The events between extravasation and the emergence of a clinically detectable metastasis remain one of the least well understood events of the metastatic cascade . To date, there have been only a handful of studies that have used intravital imaging to tackle this question [13, 17]. The methods presented here can be used to study the events in this time window. We demonstrated this by following single ZMEL1 cells for 2 weeks following injection. In the first 4 days following extravasation, cells were highly motile. In mice, extravasated tumor cells were also observed to be motile [13, 17] and it has been found that pharmacologic inhibition of this motility can inhibit metastatic outgrowth . These results suggest that a better understanding of motility at the metastatic site would be valuable.
In our experiments, micrometastases 9 days post-injection resembled a previously reported early metastatic phase in the murine liver . However, unlike the situation in the murine liver, we did not observe rapid migration in the sub-dermal musculature on a similar time scale. Instead, the cells were relatively stationary while continuously extending and retracting protrusions. It would be interesting to see the effect of pharmacological inhibition of this activity on metastatic outgrowth.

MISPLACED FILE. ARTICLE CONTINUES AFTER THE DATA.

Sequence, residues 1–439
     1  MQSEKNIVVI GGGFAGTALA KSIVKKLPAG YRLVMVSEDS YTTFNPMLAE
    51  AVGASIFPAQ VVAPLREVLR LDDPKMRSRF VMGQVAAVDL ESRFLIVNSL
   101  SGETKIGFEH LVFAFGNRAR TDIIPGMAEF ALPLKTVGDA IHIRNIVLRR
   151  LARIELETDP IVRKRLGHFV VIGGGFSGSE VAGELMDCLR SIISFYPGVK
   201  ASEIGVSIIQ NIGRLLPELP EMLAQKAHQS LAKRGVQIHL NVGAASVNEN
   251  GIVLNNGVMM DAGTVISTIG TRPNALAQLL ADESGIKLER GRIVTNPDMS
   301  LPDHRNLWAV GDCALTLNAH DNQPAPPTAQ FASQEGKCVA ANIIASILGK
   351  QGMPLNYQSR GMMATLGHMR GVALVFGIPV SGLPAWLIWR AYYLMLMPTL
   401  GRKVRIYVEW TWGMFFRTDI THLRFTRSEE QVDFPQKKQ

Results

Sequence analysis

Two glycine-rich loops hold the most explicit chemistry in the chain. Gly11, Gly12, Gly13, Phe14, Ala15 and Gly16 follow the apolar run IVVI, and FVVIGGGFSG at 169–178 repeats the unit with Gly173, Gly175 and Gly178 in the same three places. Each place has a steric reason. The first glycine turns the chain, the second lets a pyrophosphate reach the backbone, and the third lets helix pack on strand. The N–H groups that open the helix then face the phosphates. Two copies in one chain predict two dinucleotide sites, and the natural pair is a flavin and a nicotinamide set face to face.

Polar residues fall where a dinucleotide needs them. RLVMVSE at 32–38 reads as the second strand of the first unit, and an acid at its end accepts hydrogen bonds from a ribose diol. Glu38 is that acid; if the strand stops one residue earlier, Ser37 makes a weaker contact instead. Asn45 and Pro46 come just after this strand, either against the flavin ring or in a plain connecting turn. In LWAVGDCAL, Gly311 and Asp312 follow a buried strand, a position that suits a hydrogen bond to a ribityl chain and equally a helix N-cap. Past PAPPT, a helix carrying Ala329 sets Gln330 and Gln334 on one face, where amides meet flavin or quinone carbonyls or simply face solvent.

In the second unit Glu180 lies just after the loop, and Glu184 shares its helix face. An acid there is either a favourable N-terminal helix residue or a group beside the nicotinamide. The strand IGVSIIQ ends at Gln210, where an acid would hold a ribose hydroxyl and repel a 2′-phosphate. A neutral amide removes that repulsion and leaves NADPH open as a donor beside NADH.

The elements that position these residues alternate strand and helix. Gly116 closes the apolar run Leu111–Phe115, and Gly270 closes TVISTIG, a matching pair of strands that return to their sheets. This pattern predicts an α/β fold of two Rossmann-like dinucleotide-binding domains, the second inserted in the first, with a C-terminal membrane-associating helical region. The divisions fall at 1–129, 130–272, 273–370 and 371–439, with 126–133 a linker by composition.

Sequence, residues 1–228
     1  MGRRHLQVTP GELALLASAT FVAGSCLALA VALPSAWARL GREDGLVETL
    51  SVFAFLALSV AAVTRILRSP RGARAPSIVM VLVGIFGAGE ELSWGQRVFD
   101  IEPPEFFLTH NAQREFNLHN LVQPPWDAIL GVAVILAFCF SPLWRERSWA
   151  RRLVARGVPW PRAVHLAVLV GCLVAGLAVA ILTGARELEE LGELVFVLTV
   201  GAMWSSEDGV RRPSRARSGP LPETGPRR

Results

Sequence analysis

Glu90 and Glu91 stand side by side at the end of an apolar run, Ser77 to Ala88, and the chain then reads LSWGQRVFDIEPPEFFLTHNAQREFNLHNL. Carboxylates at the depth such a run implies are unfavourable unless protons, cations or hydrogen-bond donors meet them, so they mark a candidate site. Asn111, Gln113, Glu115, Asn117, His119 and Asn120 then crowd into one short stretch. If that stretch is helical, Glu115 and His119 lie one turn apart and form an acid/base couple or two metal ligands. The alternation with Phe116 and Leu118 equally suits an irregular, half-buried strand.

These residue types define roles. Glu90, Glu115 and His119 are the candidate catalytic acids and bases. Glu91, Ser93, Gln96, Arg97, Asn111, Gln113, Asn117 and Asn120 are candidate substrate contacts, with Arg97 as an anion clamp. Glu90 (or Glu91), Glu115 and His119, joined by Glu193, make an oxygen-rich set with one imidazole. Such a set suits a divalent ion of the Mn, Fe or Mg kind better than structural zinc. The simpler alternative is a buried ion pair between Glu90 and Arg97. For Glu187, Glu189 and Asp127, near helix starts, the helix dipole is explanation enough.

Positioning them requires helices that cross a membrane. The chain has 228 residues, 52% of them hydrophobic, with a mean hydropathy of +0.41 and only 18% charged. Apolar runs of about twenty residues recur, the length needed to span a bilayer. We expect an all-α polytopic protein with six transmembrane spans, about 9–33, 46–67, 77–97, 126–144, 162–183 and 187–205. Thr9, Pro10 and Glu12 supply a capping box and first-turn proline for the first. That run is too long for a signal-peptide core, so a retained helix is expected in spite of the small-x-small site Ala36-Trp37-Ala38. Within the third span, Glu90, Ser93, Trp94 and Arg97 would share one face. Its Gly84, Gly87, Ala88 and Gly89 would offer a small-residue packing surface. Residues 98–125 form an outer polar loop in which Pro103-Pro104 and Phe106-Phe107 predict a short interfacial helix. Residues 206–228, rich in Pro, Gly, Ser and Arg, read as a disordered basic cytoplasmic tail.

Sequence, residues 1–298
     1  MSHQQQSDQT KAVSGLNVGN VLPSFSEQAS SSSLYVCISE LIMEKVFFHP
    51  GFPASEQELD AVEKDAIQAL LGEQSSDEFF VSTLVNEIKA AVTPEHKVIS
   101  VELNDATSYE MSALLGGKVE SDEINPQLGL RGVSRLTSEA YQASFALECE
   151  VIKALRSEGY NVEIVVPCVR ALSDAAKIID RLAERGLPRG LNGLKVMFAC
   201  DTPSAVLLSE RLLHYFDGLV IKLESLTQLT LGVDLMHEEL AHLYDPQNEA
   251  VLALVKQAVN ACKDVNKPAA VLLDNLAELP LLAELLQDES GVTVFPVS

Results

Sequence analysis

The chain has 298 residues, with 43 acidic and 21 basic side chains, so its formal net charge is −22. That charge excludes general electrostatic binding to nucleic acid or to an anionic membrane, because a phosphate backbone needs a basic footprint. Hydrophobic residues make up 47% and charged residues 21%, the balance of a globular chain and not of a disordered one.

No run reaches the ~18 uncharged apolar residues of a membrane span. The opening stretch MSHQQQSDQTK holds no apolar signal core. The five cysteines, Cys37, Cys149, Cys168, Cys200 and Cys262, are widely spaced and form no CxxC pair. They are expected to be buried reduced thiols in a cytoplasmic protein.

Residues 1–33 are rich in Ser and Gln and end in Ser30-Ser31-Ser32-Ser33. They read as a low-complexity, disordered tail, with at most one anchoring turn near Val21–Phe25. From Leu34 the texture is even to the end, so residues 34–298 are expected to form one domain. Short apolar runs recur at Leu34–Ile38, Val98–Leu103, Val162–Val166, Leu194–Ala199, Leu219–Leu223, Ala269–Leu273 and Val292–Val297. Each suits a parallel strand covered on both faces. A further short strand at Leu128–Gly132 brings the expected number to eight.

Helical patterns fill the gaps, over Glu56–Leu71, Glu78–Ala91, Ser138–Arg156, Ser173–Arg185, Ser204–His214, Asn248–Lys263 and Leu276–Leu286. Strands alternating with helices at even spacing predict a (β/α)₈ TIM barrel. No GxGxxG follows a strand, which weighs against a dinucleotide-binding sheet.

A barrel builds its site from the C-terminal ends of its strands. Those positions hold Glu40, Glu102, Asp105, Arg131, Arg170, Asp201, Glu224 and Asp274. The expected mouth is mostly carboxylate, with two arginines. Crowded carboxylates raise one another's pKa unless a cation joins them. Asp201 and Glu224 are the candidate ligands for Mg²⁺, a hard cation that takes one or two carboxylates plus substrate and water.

We attempted to follow human cells in our system as well but found that they were quickly lost, presumably because of clearance by the immune system. We based our immunosuppression regime on two studies that reported success in growing human cells in adult zebrafish [34, 35]. Using these studies as a guide, we tested irradiation, treatment with dexamethasone or both in 6 to 10-week-old fish or in younger 4-week-old fish. As the adaptive immune system is still developing in 4 week old fish, it seemed possible that intervention at this time point might be more effective than at a later stage when the immune system is already fully developed . However, we were unsuccessful in establishing stably growing mammalian tumors.
One possible explanation is that some cell lines are better able to grow in adult zebrafish than others. For example, mouse glioma cells have been reported to grow in adult fish using only dexamethasone immunosuppression . In another study, DU145, K562, and HepG2 cells were all successfully engrafted using only a single dose of 20Gy of irradiation . However, these experiments were performed using a different line of transparent fish (nacre:rose) making a direct comparison difficult. The MDA-MB-435 cell line, which we used, has been reported to grow in zebrafish immunosuppressed solely with dexamethasone . We also tested whether the LM2 and MA2 cell lines were able to grow in zebrafish embryos as a test of their ability to grow in a fish environment. While the LM2 cells failed to grow even in the embryo, the MA2 cells did grow over the course of 4 days. These data potentially indicate that immune clearance (rather than a failure to grow in the fish environment) is the more likely explanation for most of our results.